Republican presidential hopeful John McCain has a final chance to turn around his fortunes in the last presidential debate with Barack Obama tonight.
Both candidates released proposals this week designed to boost the economy as financial institutions wobble and voters feel the pinch of a faltering economy.
With the economic crisis fuelling public unease, Mr Obama has built leads nationally and in key states as the turmoil has returned the nation’s focus to the policies of the unpopular President Bush. The burden now is on Mr McCain to try to reverse his slide.
To that end, the Arizona senator took a new approach this week, positioning himself as a fighter for the American middle class and easing off his most direct attacks on Mr Obama, an Illinois senator. Mr McCain also took pains to separate himself from Mr Bush.
“We cannot spend the next four years as we have spent much of the last eight: waiting for our luck to change. ... As president I intend to act, quickly and decisively,” Mr McCain said yesterday.
He announced an economic plan calling for halving the tax rate on capital gains and reducing the tax on withdrawals from retirement accounts, among other measures.
A day earlier Mr Obama unveiled a proposal that includes an extension of unemployment benefits, a 90-day freeze on home foreclosures, penalty-free withdrawals from retirement funds and a 3,000 dollar tax credit for each new job.
Both candidates call for doing away with the tax on unemployment benefits.
Mr McCain has suggested that he is likely to bring up Mr Obama’s links to William Ayers, a radical during the Vietnam War era. Mr Ayers was a member of the violent Weather Underground group but later became a university professor in Chicago and an expert on education. He and Mr Obama both worked with some of the same charity foundations in Chicago, and Ayers hosted a reception for Mr Obama when he first ran for the Illinois state Senate.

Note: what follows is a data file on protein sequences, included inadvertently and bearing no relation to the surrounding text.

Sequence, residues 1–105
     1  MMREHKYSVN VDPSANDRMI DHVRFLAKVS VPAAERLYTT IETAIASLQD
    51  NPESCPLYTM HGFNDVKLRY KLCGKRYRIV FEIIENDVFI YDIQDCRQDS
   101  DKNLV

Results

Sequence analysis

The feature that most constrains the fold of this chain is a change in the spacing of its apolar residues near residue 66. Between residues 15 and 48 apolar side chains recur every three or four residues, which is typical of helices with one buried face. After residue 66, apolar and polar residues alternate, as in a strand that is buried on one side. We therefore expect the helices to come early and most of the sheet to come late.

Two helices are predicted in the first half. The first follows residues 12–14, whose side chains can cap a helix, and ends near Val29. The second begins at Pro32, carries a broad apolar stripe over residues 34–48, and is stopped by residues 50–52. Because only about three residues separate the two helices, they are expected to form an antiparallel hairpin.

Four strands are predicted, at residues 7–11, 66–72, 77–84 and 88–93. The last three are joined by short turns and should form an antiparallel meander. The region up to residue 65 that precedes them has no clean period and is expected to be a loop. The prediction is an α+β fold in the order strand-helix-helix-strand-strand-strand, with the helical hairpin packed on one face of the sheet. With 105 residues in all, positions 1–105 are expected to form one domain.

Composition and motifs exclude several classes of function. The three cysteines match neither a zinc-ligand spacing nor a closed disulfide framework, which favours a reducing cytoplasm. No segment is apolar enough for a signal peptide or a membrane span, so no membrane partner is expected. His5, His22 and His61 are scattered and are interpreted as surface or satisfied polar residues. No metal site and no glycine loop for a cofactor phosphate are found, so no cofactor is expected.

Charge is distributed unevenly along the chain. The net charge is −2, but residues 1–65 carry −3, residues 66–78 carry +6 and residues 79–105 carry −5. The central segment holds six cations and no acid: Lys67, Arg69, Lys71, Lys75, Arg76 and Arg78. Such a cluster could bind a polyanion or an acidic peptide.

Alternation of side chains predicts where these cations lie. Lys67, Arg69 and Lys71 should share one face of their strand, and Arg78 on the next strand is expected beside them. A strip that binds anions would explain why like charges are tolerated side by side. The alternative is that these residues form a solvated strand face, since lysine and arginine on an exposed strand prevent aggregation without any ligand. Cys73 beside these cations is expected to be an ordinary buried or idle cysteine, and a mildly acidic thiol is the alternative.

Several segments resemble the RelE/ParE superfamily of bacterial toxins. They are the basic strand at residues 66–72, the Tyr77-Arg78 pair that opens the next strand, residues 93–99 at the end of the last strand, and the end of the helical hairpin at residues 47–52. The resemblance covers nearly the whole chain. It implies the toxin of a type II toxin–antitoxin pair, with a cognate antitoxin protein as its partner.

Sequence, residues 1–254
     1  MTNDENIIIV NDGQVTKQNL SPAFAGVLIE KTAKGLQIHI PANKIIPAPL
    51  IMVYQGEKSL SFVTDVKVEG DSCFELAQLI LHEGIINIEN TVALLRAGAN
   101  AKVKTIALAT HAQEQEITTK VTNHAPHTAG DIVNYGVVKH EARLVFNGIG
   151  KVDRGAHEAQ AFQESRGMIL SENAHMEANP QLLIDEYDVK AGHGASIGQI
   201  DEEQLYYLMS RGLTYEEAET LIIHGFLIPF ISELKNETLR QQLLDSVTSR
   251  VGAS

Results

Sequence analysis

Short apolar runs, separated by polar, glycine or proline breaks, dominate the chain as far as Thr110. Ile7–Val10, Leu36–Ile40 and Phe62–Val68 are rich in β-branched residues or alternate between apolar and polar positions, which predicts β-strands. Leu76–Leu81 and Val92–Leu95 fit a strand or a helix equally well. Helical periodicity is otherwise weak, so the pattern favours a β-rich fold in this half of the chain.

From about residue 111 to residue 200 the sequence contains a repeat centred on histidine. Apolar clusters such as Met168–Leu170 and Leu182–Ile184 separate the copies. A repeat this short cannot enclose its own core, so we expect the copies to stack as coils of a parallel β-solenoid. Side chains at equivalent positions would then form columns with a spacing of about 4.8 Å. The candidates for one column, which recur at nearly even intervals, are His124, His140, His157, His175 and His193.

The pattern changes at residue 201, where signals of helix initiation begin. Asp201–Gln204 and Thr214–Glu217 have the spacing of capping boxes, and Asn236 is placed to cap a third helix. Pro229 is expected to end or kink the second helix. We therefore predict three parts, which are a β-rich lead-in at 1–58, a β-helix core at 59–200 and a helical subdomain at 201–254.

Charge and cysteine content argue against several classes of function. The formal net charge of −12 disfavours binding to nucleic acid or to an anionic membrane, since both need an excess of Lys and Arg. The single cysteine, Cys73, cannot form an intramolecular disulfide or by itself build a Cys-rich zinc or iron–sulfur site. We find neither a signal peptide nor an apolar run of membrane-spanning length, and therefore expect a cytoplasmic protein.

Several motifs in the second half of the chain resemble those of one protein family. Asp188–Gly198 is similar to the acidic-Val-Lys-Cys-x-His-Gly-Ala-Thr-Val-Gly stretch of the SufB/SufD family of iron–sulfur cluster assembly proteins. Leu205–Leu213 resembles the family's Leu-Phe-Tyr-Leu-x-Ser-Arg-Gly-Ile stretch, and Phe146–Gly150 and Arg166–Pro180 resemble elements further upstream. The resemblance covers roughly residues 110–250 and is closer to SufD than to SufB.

“We’re always prepared for him to be hyper-aggressive in his attacks,” Mr Obama campaign aide Robert Gibbs said of Mr McCain. “I just think that doesn’t work in an environment where so many people are concerned about the issues in front of them, not scare tactics they don’t see as helping to pay the bills.”
He said Mr Obama will try to project the aura of calm leadership during the debate, which he achieved in two previous debates with Mr McCain.
Mr Obama’s campaign also has taken some shots at Mr McCain, increasingly labelling him “erratic” and “lurching” for solutions to the economic crisis. The words suggest unsteadiness by the four-term senator, who is 72.
Polls conducted after the earlier debates found that more people thought Mr Obama had won both.
Meanwhile, Mr McCain has had trouble finding support among swing voters. A recent Associated Press-GfK Poll showed independents about evenly divided between the two candidates, which is problematic for Mr McCain because registered Democrats decisively outnumber registered Republicans this year.